Corn futures in Chicago are heading for the biggest two-day drop since August and prices are slumping in Sao Paulo state as the supply outlook improves in the U.S. and Brazil, the world’s top exporters.
U.S. rains through June 26 are seen aiding about half the crop in the Midwest and will bring a cooler temperature pattern into mid-July, according to Joel Widenor, director of agricultural services at Commodity Weather Group LLC in Bethesda, Maryland. In Brazil, harvesting of the country’s winter crop is picking up pace and helping to ease a supply squeeze.
“The weather patterns are taking out some of the heat, and we’re also adding a little bit of moisture” in the U.S., Ryan Kelbrants, a market analyst at CHS Hedging LLC in Inver Grove Heights, Minnesota, said in a telephone interview. “Our crop scouts are reporting excellent conditions.”
Corn futures for September delivery on the Chicago Board of Trade fell 4.7 percent to $4.0675 a bushel at 11:08 a.m. local time. Prices for rolling most-active future are down 8.1 percent in two days, the biggest such drop since Aug. 12.
September futures climbed in each of the past six weeks, the longest streak for the contract since it started trading in December 2013. A hot start to the U.S. growing season had raised concerns that plants would be under stress during the summer. Three-quarters of the U.S. crop, which is nearing its key pollination phase, was rated in good or excellent condition as of June 19, higher than the same time last year, government data showed Monday.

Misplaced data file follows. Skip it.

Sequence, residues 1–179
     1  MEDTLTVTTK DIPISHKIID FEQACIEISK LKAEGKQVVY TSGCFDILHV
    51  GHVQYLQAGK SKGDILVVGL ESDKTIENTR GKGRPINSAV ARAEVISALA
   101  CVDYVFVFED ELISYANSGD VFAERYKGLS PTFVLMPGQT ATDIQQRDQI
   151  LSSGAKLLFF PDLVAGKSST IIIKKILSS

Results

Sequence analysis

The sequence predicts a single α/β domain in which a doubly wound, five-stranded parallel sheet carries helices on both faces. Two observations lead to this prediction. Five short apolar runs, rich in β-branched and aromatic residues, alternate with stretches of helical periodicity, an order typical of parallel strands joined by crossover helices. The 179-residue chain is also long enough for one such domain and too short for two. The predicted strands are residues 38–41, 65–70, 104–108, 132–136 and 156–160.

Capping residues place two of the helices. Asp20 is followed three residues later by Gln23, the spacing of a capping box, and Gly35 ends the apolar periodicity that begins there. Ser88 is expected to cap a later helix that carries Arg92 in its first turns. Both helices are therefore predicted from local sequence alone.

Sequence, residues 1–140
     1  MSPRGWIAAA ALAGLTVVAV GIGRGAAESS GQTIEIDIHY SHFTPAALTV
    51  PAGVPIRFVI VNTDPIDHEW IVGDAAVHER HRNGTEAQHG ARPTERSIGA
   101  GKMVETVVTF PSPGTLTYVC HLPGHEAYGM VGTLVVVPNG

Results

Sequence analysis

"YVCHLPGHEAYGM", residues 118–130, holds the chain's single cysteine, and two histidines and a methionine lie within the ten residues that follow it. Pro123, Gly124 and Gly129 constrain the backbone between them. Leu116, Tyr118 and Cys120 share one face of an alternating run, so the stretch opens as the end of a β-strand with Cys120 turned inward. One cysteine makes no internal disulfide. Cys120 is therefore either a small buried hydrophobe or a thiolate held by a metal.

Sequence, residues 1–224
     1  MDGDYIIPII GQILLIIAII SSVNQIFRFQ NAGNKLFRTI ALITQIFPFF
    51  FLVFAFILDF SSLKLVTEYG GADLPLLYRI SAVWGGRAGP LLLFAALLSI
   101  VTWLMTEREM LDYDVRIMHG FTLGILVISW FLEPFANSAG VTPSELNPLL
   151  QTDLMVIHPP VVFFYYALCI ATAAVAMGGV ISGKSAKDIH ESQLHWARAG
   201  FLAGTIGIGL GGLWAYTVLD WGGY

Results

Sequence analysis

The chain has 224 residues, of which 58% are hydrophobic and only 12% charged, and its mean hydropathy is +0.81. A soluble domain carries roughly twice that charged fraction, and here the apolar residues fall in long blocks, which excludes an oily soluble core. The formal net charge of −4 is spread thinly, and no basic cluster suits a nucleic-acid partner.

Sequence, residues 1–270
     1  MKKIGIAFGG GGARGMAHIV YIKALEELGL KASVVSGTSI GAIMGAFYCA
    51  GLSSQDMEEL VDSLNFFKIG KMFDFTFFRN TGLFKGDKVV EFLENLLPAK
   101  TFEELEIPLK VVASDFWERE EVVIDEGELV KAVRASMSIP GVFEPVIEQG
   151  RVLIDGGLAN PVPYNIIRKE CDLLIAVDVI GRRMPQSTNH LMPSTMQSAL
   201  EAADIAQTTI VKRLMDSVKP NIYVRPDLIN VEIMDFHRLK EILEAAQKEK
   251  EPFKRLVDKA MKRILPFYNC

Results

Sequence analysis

Wholesale spot-prices for corn in Campinas, Sao Paulo, dropped to 48.40 reais per bag ($6 bushel) on Monday, down 10 percent from a record high on June 2 and the lowest since April 25. The grain climbed earlier this month as dry weather hurt plants and rising exports sparked a shortage for Brazil’s domestic consumers. As crop collection progresses, the domestic supply squeeze is easing and buyers are trying to negotiate lower prices, according to Cepea, the University of Sao Paulo’s research arm.
In Mato Grosso, Brazil’s corn top producer, gathering is happening at a faster pace compared with previous seasons, according to Imea, the state’s Rural Economy Institute. About 10 percent of the total winter-crop area was harvested as of Friday, the group in a report. That was up from 5 percent a week earlier. Domestic prices are still profitable for producers, and farmers will take advantage of selling opportunities in coming weeks, Imea said.